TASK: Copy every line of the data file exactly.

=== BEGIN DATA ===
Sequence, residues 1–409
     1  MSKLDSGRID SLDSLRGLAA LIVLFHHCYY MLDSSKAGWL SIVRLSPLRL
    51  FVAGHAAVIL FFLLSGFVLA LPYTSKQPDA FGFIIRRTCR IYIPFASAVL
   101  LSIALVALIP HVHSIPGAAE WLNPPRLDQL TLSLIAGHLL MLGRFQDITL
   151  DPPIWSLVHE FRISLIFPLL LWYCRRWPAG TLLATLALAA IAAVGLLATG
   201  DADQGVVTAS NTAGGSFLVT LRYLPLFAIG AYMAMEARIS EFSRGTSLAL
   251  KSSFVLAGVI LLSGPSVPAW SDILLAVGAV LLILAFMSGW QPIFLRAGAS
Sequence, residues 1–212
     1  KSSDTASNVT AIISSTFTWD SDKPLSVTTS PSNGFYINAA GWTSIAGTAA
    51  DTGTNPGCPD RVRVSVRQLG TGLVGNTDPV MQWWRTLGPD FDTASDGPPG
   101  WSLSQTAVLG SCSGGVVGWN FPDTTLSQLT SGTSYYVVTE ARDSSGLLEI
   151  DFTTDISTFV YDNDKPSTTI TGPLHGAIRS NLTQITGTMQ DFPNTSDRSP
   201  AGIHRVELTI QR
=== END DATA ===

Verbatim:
Sequence, residues 1–409
     1  MSKLDSGRID SLDSLRGLAA LIVLFHHCYY MLDSSKAGWL SIVRLSPLRL
    51  FVAGHAAVIL FFLLSGFVLA LPYTSKQPDA FGFIIRRTCR IYIPFASAVL
   101  LSIALVALIP HVHSIPGAAE WLNPPRLDQL TLSLIAGHLL MLGRFQDITL
   151  DPPIWSLVHE FRISLIFPLL LWYCRRWPAG TLLATLALAA IAAVGLLATG
   201  DADQGVVTAS NTAGGSFLVT LRYLPLFAIG AYMAMEARIS EFSRGTSLAL
   251  KSSFVLAGVI LLSGPSVPAW SDILLAVGAV LLILAFMSGW QPIFLRAGAS
Sequence, residues 1–212
     1  KSSDTASNVT AIISSTFTWD SDKPLSVTTS PSNGFYINAA GWTSIAGTAA
    51  DTGTNPGCPD RVRVSVRQLG TGLVGNTDPV MQWWRTLGPD FDTASDGPPG
   101  WSLSQTAVLG SCSGGVVGWN FPDTTLSQLT SGTSYYVVTE ARDSSGLLEI
   151  DFTTDISTFV YDNDKPSTTI TGPLHGAIRS NLTQITGTMQ DFPNTSDRSP
   201  AGIHRVELTI QR